Possible Solution: Many supervisors underestimate the time it takes for beginners to do a study. Proposals for the national science foundation are written in a way that experts could do the study in the assigned time. But beginners (like PhD students who do the actual work) need more time. Supervisors often do not see this and they need explicit and direct information about the time it takes to do a study from a PhD’s perspective. Unless they know this, they cannot assist in doing the work. And a PhD student needs assistance. But what a PhD student need to do more is to demand the time needed for the PhD thesis. Make sure you (try to) defend the time budget which you need for your PhD thesis and separate it from the work you have to do for the institute (making an agreement to work always the same three days in the week (e.g., Mon-Wed) for the project and the other two days (e.g., Thu-Fri) for your PhD thesis might work). If you get more assignments than you can handle in that time, ask which assignments have priority (do a forced choice à la either-or, don’t accept a “both” or “all of them”). Keep a list of the tasks you did and the time it took (you will need it anyway when you want a recommendation for another job). Also, do present your PhD thesis work frequently, so that your supervisor sees that you didn’t slack of in the other half of the time you work but actually used it to further your PhD thesis work. In comparison to a fleshed out proposal the PhD thesis is like a newborn baby fighting against a cage fighter. It will loose unless the PhD student actively demands time for the thesis. Do not accept arguments like “Just do the next planned study and then we will have time for your PhD thesis.” Unless the project for the national science foundation and your PhD thesis run parallel you will not be able to finish your work and in the end, you will have worked three years for meager pay without receiving a PhD.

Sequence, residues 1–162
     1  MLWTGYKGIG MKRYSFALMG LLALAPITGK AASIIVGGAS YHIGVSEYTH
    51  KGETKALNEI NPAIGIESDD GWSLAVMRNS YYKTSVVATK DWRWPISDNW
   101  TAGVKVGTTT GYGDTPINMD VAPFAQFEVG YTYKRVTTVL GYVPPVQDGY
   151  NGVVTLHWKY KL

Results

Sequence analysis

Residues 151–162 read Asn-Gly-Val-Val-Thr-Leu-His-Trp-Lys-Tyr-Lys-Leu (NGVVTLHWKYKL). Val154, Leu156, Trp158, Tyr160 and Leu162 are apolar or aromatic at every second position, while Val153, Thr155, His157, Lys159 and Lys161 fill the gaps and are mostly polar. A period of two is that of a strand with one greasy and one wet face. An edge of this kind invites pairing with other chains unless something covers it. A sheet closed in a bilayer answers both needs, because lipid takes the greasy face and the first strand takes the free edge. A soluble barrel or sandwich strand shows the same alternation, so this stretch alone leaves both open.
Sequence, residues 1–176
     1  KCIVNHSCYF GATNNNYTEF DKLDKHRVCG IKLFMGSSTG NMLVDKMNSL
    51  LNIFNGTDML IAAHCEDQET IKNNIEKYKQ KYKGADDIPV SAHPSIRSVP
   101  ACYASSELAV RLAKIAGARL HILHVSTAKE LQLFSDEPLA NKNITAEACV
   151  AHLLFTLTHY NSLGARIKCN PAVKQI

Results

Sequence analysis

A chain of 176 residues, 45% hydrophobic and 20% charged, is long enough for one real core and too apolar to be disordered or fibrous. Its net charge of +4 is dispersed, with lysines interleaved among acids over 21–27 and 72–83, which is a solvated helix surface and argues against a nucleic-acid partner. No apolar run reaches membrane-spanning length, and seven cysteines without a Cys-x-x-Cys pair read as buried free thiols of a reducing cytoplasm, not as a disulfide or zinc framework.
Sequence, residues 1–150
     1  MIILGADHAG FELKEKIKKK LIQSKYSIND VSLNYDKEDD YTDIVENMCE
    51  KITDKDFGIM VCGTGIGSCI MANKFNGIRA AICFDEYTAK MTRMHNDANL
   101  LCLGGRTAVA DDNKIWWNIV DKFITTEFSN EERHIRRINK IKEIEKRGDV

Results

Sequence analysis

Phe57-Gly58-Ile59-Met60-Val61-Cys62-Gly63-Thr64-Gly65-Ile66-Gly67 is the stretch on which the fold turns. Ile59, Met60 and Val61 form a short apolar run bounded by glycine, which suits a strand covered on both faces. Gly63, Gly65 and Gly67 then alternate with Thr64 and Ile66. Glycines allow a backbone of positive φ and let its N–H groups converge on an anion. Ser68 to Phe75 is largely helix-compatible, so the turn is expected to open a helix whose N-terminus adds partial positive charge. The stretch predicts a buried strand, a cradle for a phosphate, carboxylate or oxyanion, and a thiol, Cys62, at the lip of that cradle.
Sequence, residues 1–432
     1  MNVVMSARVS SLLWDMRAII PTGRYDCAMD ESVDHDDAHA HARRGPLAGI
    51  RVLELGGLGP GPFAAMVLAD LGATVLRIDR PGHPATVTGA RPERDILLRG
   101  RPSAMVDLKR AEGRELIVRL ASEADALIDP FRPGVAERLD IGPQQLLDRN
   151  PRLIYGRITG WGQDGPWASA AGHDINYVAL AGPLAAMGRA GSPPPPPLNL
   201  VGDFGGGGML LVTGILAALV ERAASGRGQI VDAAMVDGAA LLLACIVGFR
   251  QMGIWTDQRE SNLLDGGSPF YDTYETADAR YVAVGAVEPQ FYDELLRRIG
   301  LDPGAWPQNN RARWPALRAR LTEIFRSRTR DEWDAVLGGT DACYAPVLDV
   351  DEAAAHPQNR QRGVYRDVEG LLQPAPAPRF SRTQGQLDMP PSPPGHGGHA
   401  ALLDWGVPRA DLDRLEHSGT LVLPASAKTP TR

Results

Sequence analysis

Avoiding conducting the first study.
Description: You have ready countless articles, you have designed studies (kinda), but you do not feel ready. You read another article, and another. You change the design of the study, talk to others about it, change the program, change the question. The only thing you do not do is the damned study.
What breaks you: Thinking that the first study must be perfect. When you read the articles about a topic you will inevitably notice that the topic is more complex than you already thought. You might even find papers about studies that did (almost) exactly what you wanted to do. You continuously find new possible moderating variables. It’s easy to think that you’re “wasting a study unless you’re sure about it”.